Essentially, there's been an argument made that Hollywood has historically exercised very little caution in selecting persons of a certain -- erm -- "type" to cast as the villain. While some critics have diagnosed an undercurrent of racism in these casting decisions, I've often seen these choices as employing a certain mystique that, quite frankly, may not emanate from talent of certain backgrounds and ethnicity. Yes, yes, yes: I realize at one level that might just be the point these academics are getting to, but I'm only trying to suggest -- as politely as I can -- that certain features lend themselves to perceived villainy. It has nothing directly to do with skin color so much as it does the cut of a man's jaw, the intensity of the actor's glare, and the construction of his potential look on camera. Again -- categorically -- it has nothing (for me, at least) to do with skin color; some faces just happen to 'snarl' better than others.
While this might make me unpopular with some folks, I think there was a time in Tinseltown that Henry Silva captured that look. Yes, yes, and yes: I've seen his work in some softer roles. He was quite good -- proving that the man could easily transcend any studio's tendency to showcase him only in certain roles -- but he always retained a toughness in everything I remember him starring in. He wasn't any pushover. He wasn't any lackey. If and when the story needed something done, then movers and shakers like Silva were perfectly cast.
Naturally, I understand and appreciate the position of those who claim he was a talent shoehorned into specific roles. I'm not arguing otherwise ... but I'm also man enough to point out that whenever given the chance Silva was damn good at playing the villain. While he could impose a measure of menace whenever called upon, I'd also suggest those eyes could convey more than just conventional evil. There was always something going on in those eyes. His wheels were always turning. While he could chew scenery with the best of them, he'd also elevate the heavy to the point of being dimensional ... and that's not something every actor could achieve.
While some might argue his genre credentials were light ... well, I'm just getting started.
1962's The Manchurian Candidate isn't a what I'd suggest is renowned as a Science Fiction project, and yet there's no mistaking the fact that the premise of both hypnosis and mind control fall smack dap into the middle of such favored territory. For folks who might not have seen it, please do yourself a favor. It's a masterful film directed by John Frankenheimer -- one I discovered way back in my college days -- and it's the kind of thing I'll watch whenever I find it on the TV dial. It offers great performances across the board -- some of them might be a bit simply by today's standards -- and Silva has a fabulous presence in it, even with his slim screen time.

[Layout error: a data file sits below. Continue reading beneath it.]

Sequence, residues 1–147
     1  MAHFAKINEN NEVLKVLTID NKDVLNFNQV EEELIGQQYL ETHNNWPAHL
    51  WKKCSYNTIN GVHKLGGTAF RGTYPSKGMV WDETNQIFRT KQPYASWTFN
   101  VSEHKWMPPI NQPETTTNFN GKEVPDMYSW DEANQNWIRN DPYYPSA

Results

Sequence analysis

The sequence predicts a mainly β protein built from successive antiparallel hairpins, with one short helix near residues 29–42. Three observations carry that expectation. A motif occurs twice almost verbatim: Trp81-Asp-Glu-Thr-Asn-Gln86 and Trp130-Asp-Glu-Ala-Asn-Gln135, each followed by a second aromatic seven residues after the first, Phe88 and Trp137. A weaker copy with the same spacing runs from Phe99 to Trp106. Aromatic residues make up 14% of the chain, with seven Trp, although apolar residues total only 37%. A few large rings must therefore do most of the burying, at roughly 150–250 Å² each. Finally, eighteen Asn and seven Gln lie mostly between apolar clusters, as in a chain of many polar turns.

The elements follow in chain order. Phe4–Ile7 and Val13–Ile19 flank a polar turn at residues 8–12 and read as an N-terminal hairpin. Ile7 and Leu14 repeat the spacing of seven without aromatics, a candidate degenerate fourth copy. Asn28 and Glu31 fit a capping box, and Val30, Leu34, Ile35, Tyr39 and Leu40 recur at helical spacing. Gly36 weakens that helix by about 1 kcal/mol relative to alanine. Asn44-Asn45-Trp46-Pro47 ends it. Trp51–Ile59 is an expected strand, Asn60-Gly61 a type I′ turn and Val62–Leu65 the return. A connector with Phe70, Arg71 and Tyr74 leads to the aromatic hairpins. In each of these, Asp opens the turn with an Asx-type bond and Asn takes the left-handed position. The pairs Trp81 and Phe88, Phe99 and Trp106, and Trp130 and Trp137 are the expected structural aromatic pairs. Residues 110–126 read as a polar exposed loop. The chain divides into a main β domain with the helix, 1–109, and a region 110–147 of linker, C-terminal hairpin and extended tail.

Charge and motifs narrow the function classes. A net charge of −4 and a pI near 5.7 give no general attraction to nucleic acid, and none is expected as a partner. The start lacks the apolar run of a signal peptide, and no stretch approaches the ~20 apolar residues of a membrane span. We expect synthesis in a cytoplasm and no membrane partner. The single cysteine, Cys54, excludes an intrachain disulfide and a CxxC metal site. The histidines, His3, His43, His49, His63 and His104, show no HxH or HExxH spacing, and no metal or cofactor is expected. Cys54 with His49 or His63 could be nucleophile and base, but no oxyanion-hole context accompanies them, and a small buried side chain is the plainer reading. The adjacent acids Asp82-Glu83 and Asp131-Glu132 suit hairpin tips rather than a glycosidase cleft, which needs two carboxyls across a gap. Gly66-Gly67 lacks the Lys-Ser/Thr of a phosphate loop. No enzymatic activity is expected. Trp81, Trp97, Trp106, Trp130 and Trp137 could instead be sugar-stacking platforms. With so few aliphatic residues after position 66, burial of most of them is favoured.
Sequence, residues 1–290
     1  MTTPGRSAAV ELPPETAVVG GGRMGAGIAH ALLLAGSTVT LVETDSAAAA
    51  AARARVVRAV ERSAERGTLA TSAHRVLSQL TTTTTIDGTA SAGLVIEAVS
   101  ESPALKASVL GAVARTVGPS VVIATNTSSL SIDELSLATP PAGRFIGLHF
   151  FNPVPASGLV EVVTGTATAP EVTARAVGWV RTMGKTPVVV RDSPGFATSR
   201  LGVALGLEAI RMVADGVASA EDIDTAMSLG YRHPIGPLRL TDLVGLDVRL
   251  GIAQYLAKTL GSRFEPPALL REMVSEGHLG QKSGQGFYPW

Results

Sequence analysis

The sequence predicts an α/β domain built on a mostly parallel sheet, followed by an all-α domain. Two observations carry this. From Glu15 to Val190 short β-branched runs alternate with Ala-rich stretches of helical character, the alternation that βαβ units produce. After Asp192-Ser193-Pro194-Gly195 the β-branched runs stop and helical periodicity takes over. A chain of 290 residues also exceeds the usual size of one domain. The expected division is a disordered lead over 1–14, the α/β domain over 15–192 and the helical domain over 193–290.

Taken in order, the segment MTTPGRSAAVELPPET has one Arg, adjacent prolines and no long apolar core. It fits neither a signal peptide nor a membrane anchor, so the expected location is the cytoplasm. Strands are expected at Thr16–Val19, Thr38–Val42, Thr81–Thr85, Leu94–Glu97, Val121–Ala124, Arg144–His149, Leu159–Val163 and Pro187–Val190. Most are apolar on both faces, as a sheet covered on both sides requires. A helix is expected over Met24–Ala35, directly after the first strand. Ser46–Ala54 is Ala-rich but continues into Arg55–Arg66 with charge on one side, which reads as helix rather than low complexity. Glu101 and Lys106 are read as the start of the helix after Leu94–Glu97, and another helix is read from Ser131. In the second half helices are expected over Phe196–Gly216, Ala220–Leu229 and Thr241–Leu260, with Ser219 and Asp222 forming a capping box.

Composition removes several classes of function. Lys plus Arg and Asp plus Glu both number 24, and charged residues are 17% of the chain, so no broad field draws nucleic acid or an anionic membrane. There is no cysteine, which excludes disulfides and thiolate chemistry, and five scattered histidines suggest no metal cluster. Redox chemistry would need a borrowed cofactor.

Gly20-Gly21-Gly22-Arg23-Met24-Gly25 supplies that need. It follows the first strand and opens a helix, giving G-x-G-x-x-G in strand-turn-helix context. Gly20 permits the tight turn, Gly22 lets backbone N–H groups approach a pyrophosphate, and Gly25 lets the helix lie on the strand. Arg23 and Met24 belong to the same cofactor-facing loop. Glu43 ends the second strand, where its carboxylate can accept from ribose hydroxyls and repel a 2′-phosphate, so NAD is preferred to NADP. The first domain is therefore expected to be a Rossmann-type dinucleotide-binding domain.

Of course, that isn't his only contribution.
He made two appearances to television's The Outer Limits -- one in 1963 and again in 1964 in different roles -- and paid a visit to the popular Voyage To The Bottom Of The Sea, a franchise that hosted guest roles to many of the man's contemporaries. He also stopped by for a guest role in 1966's Tarzan TV serial. In 1969, he even enjoyed a guest stint on Mission: Impossible. It wasn't until 1978 that he truly found Science Fiction with a visit to the SciFi/Comedy series Quark.
Perhaps his biggest contribution in all of SciFi, however, was and will remain his work as the infamous 'Killer Kane,' advisor to none other than the villainous 'Princess Ardala' aboard the motion picture and series pilot for Buck Rogers In The 25th Century. Honestly, I've never read why he didn't reprise the role on the show -- Kane did come back for a few episodes; at this point, I can only imagine that he wanted to focus on his film work and opted for meatier prospects.
Still, I'd be remiss in my duties if I failed to mention that he voiced the character of 'Bane' for a few incarnations of Batman cartoons. I've been a fan of the Batworld for all of my life, and I can't imagine anyone other than Henry Silva having the gumption to play a seminal creation that -- in the comic books, at least -- is the villain who finally broke The Bat. How fitting.
There were a few more genre projects that followed, but it appears he retired from the business in 2001.
Alas, word reached my desk this morning that he's left us for other celestial pursuits.
Thoughts and prayers are extended to the friends, family, and fans of Mr. Silva.